Tuesday, May 01, 2012

You or Someone Like You by Chandler Burr

You or Someone Like You by Chandler Burr

I don't find this novel's title or cover art particularly appealing.1 My familiarity with the author2 was the only reason I checked You or Someone Like You out to read on my Nook.

At the outset of Burr's roots as an author of nonfiction are clear. He begins with a three-page author's note,3 in which he explains exactly to what extent his fiction is fictional. I did read the author's note (I don't always) and it seemed like overkill to me. A result the author's discomfort with the medium? a mark of our litigious society? However, now that I've finished the novel, I see why he included the note. The entire novel revolves around something that happens to one of the characters. Because of the virulence this incident and its consequences provokes (in the characters and, possibly, in the novel's readers), it was important for the author to ground the event in reality, to affirm that it wasn't something he dreamed up simply to torture his characters.

I have decidedly mixed feelings about You or Someone Like You. I loved how literary it was. The novel is filled with books and references to authors and their various works and it made me want to reread some titles and tackle other authors for the first time. Burr makes some wonderfully astute observations about both literature and the human condition. He also incorporates a bevy of real-life characters (mostly film industry people) in walk-on roles. Some readers will love this aspect of You or Someone Like You, but it didn't do much for me considering that I didn't always recognize the individuals featured.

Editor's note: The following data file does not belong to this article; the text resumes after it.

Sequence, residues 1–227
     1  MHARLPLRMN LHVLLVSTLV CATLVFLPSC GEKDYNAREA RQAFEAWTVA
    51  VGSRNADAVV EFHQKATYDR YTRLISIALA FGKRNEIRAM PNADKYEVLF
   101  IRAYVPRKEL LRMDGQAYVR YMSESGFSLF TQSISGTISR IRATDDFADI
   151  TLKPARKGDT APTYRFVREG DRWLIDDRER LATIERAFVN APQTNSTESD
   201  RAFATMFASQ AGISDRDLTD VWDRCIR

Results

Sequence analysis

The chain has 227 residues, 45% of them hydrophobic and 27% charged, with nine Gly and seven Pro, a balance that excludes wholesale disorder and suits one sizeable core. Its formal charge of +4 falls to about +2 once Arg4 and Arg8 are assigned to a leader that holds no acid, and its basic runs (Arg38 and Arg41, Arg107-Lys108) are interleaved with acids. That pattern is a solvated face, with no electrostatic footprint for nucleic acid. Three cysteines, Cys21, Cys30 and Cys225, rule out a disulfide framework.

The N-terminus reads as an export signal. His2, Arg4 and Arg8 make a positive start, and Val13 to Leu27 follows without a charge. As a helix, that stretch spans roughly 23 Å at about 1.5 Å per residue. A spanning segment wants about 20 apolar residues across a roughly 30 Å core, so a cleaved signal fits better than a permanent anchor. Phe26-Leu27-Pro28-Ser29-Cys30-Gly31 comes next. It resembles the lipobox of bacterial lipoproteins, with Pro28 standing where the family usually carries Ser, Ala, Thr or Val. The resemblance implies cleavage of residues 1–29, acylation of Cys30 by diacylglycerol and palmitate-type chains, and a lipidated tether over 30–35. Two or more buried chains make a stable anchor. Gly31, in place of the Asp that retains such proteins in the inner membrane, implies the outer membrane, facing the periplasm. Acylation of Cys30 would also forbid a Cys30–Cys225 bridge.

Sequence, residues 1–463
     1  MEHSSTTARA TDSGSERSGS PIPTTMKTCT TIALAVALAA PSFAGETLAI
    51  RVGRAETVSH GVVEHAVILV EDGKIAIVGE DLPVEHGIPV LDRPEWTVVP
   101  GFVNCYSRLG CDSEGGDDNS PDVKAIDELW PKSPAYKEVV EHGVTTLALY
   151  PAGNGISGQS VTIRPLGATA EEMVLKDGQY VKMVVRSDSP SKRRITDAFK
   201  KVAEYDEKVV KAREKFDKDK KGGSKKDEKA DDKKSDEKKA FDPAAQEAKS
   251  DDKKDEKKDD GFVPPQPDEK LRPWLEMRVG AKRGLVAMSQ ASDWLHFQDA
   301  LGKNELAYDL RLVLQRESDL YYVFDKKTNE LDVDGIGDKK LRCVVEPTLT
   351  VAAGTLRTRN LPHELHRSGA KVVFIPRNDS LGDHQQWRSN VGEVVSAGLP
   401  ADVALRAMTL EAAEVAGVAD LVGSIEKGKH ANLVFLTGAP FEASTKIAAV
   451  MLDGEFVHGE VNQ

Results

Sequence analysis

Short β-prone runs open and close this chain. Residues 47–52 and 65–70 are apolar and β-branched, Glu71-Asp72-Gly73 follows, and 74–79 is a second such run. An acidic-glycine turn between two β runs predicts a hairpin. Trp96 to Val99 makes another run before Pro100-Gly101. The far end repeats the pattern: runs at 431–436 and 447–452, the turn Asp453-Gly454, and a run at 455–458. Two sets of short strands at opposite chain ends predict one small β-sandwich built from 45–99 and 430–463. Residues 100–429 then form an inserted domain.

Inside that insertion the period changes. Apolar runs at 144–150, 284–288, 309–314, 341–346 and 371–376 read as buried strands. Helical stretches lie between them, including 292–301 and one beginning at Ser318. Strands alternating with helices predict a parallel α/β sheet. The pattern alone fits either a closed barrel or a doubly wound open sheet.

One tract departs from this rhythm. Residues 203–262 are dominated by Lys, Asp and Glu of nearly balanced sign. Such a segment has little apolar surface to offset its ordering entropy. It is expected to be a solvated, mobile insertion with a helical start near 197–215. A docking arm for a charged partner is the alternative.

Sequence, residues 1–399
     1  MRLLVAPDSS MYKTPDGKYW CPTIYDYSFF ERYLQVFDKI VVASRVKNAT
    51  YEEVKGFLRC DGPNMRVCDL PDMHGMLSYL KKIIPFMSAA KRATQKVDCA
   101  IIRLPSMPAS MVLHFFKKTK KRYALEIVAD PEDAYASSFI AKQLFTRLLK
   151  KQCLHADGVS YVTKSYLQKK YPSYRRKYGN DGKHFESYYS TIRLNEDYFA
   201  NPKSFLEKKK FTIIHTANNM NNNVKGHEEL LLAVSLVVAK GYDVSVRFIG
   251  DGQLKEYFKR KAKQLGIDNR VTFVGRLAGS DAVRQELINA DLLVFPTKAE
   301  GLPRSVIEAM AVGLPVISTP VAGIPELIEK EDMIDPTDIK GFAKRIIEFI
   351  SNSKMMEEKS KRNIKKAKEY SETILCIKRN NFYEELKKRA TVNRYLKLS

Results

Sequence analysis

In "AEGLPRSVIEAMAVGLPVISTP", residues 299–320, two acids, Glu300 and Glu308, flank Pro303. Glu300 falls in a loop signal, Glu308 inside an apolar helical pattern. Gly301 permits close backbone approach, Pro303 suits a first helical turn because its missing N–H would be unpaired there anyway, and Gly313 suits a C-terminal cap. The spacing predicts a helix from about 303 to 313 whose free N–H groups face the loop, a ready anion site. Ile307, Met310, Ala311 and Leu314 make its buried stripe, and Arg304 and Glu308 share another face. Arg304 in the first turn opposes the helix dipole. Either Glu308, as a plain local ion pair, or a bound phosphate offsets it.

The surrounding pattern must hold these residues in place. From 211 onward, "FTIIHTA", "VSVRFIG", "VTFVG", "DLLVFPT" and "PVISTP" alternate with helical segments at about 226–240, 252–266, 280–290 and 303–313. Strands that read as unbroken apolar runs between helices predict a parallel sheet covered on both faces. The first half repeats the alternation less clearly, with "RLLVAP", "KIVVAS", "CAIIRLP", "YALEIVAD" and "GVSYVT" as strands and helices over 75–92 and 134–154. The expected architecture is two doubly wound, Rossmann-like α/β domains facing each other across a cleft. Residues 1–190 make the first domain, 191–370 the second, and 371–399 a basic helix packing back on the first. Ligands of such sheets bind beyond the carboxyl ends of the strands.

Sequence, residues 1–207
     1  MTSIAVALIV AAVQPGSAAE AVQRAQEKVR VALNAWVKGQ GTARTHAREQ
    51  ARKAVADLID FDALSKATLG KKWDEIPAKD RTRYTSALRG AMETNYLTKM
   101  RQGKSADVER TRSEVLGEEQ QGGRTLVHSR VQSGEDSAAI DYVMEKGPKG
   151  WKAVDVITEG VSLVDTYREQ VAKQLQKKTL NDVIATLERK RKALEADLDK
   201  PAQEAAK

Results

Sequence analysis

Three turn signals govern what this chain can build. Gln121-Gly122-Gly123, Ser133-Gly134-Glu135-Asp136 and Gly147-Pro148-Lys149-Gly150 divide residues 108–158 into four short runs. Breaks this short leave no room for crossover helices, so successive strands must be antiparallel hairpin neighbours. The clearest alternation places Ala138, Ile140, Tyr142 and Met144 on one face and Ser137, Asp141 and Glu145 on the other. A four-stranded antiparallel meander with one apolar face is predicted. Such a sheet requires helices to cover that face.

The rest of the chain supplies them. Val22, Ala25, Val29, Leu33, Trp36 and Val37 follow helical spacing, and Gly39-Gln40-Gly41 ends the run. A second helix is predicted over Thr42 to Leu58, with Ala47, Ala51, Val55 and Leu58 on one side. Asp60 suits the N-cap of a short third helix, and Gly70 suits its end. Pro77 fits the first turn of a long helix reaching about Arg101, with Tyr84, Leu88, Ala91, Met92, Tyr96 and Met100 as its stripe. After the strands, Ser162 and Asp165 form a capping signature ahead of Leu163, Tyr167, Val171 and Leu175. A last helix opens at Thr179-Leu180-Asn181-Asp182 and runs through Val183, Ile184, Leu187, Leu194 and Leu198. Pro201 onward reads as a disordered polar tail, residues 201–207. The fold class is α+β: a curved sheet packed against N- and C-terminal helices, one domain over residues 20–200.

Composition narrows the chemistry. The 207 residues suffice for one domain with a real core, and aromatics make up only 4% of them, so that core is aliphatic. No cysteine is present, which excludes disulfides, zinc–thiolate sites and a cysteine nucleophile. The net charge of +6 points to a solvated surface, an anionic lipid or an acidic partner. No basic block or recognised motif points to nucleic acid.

I do think, though, that Burr was a bit too focused on the moral of his story. Towards the end of You or Someone Like You Burr effectively mutes one of the key characters, allowing the righteous indignation of another to completely swamp the narrative. In doing this Burr is likely to alienate his readers as effectively as his protagonist alienates her acquaintances. There's also the moral itself, which some readers will appreciate and others will find impossible to tolerate.

You or Someone Like You would definitely make for an interesting book club discussion.
  1. Actually, I really don't like the cover. I find both the people pictured on it a bit unnerving
  2. I'd read and enjoyed The Perfect Scent (see post).
  3. He also includes source notes after the concluding chapter


  1. Chandler Burr cracks me up - but not in a good way! ;) Did you read his list of the smelliest cities?

  2. I haven't, but I'll have to go google it now.